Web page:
Perusing an old issue of Nybble, I discovered that University of Delaware researchers were working on ways to store hydrogen fuel. Hydrogen is the most common element in our universe, and is three times more powerful than gasoline, while giving off just water residue when used, instead of nasty carbon monoxide. But to store enough of it to power a vehicle, you'd need either a 75-gallon liquid tank, or carbonized nanotubes that would cost several millions to roll them into the space of a 20-gallon tank.
Enter the poultry industry, with the nearly six billion pounds of waste chicken feathers they produce each year. The U of D people discovered that these chicken feathers - when heated to 700 degrees - turn into little carbonized nanotubes capable of storing hydrogen. Creating a storage tank for hydrogen using chicken feathers would only add about $200 to the cost of your car.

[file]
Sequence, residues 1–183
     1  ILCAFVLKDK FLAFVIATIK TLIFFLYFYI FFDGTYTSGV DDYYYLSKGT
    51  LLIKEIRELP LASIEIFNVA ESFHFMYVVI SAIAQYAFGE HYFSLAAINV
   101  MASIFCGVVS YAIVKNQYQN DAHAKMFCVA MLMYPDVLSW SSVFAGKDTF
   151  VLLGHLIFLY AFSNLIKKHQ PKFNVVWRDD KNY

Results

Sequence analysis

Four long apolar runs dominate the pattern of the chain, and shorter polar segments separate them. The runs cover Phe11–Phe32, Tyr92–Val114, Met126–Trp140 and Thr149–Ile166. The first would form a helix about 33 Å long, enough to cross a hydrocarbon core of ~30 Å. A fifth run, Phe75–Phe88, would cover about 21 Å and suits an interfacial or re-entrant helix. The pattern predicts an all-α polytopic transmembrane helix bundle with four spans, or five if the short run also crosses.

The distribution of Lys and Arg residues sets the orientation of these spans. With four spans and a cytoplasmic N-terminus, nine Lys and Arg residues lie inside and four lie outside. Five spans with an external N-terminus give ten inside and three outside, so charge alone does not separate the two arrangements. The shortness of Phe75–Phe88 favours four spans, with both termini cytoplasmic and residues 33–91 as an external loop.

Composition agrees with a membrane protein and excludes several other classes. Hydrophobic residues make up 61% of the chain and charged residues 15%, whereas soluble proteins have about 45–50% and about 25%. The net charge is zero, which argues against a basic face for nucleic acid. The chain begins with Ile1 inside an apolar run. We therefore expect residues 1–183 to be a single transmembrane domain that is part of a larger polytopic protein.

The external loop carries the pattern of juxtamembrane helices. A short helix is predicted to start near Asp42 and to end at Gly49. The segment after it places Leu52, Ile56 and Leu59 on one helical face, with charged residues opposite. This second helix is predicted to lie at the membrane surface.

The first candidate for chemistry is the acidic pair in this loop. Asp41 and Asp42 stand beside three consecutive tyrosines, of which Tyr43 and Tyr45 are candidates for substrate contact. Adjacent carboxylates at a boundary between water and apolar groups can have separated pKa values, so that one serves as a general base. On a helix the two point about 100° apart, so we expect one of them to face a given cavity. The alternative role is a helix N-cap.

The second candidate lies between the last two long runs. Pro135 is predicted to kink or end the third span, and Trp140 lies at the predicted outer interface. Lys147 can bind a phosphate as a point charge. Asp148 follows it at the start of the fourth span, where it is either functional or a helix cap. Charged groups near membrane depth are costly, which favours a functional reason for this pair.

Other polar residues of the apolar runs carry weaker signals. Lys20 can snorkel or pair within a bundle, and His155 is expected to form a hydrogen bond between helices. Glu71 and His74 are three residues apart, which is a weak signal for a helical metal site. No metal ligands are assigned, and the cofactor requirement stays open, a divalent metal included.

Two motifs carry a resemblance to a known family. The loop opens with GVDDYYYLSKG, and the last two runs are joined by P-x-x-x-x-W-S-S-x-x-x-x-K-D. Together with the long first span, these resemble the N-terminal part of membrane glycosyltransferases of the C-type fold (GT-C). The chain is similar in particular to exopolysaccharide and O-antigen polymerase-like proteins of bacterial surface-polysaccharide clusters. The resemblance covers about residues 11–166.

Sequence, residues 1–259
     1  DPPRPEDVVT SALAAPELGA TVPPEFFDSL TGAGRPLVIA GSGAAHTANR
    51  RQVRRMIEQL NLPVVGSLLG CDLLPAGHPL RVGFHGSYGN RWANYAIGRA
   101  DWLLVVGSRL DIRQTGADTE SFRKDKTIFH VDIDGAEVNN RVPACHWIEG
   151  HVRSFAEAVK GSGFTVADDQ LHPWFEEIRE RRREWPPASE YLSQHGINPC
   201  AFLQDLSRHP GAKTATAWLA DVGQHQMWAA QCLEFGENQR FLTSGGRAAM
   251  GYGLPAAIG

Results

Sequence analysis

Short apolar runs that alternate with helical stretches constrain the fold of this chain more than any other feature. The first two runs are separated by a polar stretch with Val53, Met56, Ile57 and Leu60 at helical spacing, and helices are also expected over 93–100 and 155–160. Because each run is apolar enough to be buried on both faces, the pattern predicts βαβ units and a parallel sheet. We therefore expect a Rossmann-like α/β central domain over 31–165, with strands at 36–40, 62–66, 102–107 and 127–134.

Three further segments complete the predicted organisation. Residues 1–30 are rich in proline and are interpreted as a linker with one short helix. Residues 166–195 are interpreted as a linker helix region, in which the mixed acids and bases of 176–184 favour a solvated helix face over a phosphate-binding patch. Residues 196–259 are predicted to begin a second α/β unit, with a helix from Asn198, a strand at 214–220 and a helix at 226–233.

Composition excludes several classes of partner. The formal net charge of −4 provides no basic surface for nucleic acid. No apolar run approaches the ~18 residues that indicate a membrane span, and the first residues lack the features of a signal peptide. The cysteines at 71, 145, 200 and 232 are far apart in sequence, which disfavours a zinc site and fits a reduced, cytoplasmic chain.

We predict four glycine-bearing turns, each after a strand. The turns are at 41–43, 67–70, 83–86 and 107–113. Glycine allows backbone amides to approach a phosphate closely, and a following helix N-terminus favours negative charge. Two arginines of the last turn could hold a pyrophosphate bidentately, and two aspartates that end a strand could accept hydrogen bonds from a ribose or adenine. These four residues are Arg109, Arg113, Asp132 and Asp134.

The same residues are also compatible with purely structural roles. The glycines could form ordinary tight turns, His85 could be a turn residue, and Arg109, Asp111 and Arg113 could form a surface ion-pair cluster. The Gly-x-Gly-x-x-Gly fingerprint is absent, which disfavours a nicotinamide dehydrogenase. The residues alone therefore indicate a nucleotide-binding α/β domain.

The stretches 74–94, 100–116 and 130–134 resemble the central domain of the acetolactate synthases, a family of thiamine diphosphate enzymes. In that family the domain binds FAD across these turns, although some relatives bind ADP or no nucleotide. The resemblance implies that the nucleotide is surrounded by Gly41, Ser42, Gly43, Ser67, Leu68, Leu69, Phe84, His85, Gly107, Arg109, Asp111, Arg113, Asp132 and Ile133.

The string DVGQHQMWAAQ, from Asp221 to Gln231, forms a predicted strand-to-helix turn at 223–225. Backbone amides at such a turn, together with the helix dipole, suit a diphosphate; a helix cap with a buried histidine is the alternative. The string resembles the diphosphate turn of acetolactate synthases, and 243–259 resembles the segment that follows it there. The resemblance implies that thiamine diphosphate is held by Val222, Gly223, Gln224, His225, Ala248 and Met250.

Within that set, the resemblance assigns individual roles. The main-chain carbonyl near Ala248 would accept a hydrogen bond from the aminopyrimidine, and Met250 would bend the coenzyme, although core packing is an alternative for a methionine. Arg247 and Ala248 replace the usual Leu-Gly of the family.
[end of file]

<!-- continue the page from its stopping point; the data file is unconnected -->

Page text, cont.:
And you thought I was kidding.
What's more, those same researchers are now saying that chicken feathers can be used to help clean up the Gulf oil spill.
This news could positively revolutionize the way KFC goes about marketing itself.
SIGNS YOUR COMMUNITY HAS TOO MANY CHICKENS
Lately you've found yourself walking on eggshells. Literally.
The "Which Came First" debate has paralyzed your city council for months.
*Everything* tastes like chicken.
At least once a week your local newspaper declares the sky is falling.
The local Weight Watchers group has a membership that is 90% coyotes.
The crosswalk signs now say "Walk," "Wait," and "Why?".
[selected from Chris White's Top Five on Pets]
WISDOM for YOUR WEEK: "I will say of the Lord, 'He is my refuge and my fortress, my God, in whom I trust.' Surely he will save you from the fowler's snare and from the deadly pestilence. He will cover you with his feathers, and under his wings you will find refuge; his faithfulness will be your shield and rampart." (Psalm 91:2-4)